What do you like about fellow geeks? And what’s the geekiest thing you own?
Geeks are about passion - often unrestrained passion. Be it for technology, entertainment or experiences. And there’s something truly wonderful about that. I guess the geekiest thing I own is a life-size facehugger. I’m a huge fan of the Aliens movies.
What’s the geekiest thing about you?
I’m not sure what the geekiest thing about me is, since there’s so much of my life which could be termed ‘geeky.’ I guess it’s the fact that I will often go back and replay old games I loved, rather than try new ones. That means I play things like Dungeon Keeper 2 on a yearly basis. I was also such a huge fan of playing Age of Mythology online that I bought copies of the game about 6 times and ended up deliberately breaking the CDs because I got too obsessed with playing. Obsessed, but sadly, never any better!
What did you want to be as a kid? What were your dreams and aspirations?
It was pretty much the mermaid thing. I blame Splash.
TEDTalks are renowned for their inspiration, energy and focus on the personal. Can you give us a taster of what you want to bring to Rome?
My approach is very much a from-the-trenches one. My theories and ideas are all based on my direct day-to-day experience and also those of fellow game writers. I’ve been lucky enough to have gained a certain amount of exposure in my career and I like using that to try and make the industry a little better for everyone.
But I also want to educate people about what writing for games is actually like, because there are so many misconceptions about what it involves. The more people who know what to expect and how to prepare for it, the greater our narrative armies will become.
You’ve jokingly referred to yourself as a ‘narrative paramedic’ but the term has gained some currency amongst the games writing community. Can you explain what you mean by it?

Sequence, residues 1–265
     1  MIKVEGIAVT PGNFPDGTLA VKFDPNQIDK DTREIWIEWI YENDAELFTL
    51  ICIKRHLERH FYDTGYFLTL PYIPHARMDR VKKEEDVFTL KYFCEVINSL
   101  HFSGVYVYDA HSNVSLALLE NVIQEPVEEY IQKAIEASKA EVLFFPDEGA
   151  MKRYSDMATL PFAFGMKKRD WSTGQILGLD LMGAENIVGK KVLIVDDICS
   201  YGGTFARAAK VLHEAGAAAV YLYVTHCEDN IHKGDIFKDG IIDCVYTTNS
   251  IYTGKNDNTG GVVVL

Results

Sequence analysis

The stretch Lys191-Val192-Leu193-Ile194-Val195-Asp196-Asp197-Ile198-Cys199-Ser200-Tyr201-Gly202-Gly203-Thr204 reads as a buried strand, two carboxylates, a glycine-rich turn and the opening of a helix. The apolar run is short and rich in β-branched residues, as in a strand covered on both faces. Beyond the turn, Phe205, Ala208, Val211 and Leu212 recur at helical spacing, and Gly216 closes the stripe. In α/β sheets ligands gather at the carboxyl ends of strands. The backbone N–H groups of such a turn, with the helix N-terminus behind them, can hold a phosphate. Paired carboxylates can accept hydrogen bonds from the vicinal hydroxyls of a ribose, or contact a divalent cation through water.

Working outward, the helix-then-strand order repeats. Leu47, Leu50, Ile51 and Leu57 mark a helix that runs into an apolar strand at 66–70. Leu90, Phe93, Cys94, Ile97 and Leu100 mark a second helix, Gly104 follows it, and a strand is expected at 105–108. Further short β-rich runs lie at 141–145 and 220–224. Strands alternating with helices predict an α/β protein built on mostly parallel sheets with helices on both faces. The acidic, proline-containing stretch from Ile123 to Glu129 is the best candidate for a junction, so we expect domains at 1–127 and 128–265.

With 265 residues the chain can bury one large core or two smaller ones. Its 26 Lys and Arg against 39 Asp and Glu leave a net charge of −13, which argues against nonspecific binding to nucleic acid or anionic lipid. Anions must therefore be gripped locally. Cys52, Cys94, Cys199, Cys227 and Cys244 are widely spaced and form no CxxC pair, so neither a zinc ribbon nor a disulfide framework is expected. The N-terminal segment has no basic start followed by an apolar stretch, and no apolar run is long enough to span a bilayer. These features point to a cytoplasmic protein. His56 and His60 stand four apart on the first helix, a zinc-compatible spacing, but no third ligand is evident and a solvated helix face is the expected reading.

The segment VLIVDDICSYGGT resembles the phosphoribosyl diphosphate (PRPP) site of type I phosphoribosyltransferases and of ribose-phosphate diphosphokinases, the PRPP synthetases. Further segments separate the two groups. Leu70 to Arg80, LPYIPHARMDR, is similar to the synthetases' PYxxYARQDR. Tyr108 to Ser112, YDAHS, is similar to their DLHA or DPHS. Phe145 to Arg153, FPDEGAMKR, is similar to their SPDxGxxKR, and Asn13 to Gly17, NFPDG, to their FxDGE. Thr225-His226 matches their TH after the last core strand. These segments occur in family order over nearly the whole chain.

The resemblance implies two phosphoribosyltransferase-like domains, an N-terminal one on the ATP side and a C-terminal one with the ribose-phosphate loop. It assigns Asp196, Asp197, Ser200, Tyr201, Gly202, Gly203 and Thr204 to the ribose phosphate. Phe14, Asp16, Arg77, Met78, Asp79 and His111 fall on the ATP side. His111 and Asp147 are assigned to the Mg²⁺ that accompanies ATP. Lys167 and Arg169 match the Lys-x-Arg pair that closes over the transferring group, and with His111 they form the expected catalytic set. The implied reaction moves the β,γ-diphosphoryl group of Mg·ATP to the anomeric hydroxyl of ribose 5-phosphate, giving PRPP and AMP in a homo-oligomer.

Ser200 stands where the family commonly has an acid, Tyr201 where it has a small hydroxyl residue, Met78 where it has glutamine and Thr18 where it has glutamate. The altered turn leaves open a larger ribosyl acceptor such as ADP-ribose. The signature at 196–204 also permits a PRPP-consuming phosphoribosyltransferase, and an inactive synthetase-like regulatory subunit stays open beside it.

It started as a joke. Then I made it into a badge. And then I realised that for me the joke wasn’t funny anymore – it was a real problem.
‘Narrative paramedic’ stemmed from the way in which writers are often only involved very late in the development process, when the story is basically bleeding from 1000 cuts - usually because a professional writer hadn’t been taking care of it. At that point there’s not much you can do to help the narrative, aside from basically patching it up, and hoping it lives. It’s rather a soul-destroying experience.
It is getting a little better. Development studios are involving writers earlier on in the process, but still not soon enough or regularly enough. We’ve got a steep road to climb, but at least we’re heading in the right direction.
What are some of the challenges you face as a games writer, what are some of the pleasures?
The main challenge is that you’re working in an entertainment medium which doesn’t put story first. This means that the needs of narrative will always be competition with the needs of gameplay. Much of the heavy lifting lies in trying to find the sweet spot between the two. You’re also working in a medium which doesn’t have a high level of narrative literacy yet, either. At least not across the board. Partly this is due to the fact that we’re still a relatively young industry. But also because there are not enough genuine narrative professionals in it yet - either working in the trenches or wielding power at the top.
It can be a real pleasure working with a truly dedicated and creative team, who are really keen to make narrative and gameplay shine alongside each other. The industry is evolving, which can make it an intensely challenging place to be.
How does games writing challenge some of the conventions of linear storytelling and storytelling in other forms? Do you think it’s tough for writers in other forms, of novels for example, to write for games?
I believe that understanding the medium is vital for games writers, no matter what discipline they’ve come from. If you want to write for games, you should really play a few, maybe even read some books on design, so you know how games are put together. As I mentioned earlier, it’s a shock to the system to work in an entertainment medium that isn’t often story-led. Many companies have seen the benefits of employing professional writers, but they’re still working out how best to use them. Games writers are still seen as square pegs trying to fit into round holes.
How has the industry changed in the 14 years you’ve been working in it?